Cultivating kindness in our children is an investment that will always pay off.

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Need some ideas?

  • Make extending kindness toward others a priority for your child. Help them understand the importance of being kind to everyone, and hold them accountable.
  • Create opportunities for your child to show kindness. Have them participate in the regular care of a pet. If you don’t have a pet, consider adopting a fish or a hamster. Taking care of another living thing encourages kids to think outside of themselves.
  • Expand your child’s range of influence. Volunteer as a family. Fill a shoebox together at Christmastime for a needy child. Suggest your child make a card to cheer up a sick friend.
  • Be your child’s role model and mentor. Kids learn kindness by watching the example of adults they look up to. As a parent, you hold a position of particular influence. There are so many teachable moments in your child’s life… take advantage of them.
  • Read your child a story from the Bible about kindness, such as the one about the Good Samaritan. Ask thought provoking questions like, “If a mean kid got hurt, would you laugh and say, ‘It serves him right!’ or would you stop and help”? or “Has there ever been a time when you’ve avoided helping someone? What would you do differently next time?”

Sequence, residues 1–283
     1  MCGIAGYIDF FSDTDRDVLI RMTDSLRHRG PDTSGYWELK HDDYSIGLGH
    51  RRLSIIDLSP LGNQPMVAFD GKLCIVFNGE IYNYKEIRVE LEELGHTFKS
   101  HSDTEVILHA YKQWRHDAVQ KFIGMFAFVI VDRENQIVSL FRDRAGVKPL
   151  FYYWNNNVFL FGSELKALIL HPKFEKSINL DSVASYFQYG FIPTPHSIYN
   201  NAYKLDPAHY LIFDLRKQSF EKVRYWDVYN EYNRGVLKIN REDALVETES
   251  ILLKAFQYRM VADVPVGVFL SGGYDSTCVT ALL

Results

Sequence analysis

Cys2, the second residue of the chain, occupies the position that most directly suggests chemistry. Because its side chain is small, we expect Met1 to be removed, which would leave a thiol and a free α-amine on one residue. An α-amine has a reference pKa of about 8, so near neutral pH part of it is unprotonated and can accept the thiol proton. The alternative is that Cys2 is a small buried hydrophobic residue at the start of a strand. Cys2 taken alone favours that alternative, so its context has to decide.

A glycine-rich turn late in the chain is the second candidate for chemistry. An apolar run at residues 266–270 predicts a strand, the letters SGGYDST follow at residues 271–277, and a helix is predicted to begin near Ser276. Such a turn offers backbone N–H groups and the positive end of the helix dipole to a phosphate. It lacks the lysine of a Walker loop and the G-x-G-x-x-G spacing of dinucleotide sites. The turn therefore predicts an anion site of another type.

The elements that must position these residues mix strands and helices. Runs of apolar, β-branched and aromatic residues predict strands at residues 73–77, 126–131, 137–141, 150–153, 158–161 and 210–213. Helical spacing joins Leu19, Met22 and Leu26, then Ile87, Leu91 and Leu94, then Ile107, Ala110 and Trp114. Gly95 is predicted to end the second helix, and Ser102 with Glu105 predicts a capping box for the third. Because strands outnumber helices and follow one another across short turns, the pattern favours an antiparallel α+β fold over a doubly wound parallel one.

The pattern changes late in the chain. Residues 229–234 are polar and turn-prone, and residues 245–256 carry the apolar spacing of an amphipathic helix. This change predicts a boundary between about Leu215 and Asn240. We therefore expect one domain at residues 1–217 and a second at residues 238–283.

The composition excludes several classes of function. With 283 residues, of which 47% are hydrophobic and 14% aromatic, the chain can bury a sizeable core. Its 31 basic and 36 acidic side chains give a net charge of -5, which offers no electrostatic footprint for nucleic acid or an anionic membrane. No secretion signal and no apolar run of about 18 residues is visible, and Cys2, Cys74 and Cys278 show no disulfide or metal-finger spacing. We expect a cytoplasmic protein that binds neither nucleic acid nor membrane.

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It’s far easier to teach kindness to a child than it is to unteach unkindness to a teenager or to an adult.

The Bible says to train up a child in the way he should go and that when he is old, he will not depart from it (Proverbs 22:6). Notice that it says ‘train up‘. Train up from a young age. Train up when your child doesn’t understand kindness. Train up when your child doesn’t feel like being kind.

The practice of extending kindness to others works to soften our hearts and change us, and the same is true for kids. You can’t routinely go out of your way to be kind to others, and not have it change you in fundamental ways. Even if you’re only going through the motions, the day will come when you realize that you do, in fact, genuinely care.

No matter what your age is, kindness matters.

I kid you not…

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No kindness…

 

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We’ve all come across unkind people… some of us more than others.

And, if we’re being honest, we can all remember times when we were less than kind ourselves. Most of us look back on that with regret, wishing we had said or done things differently.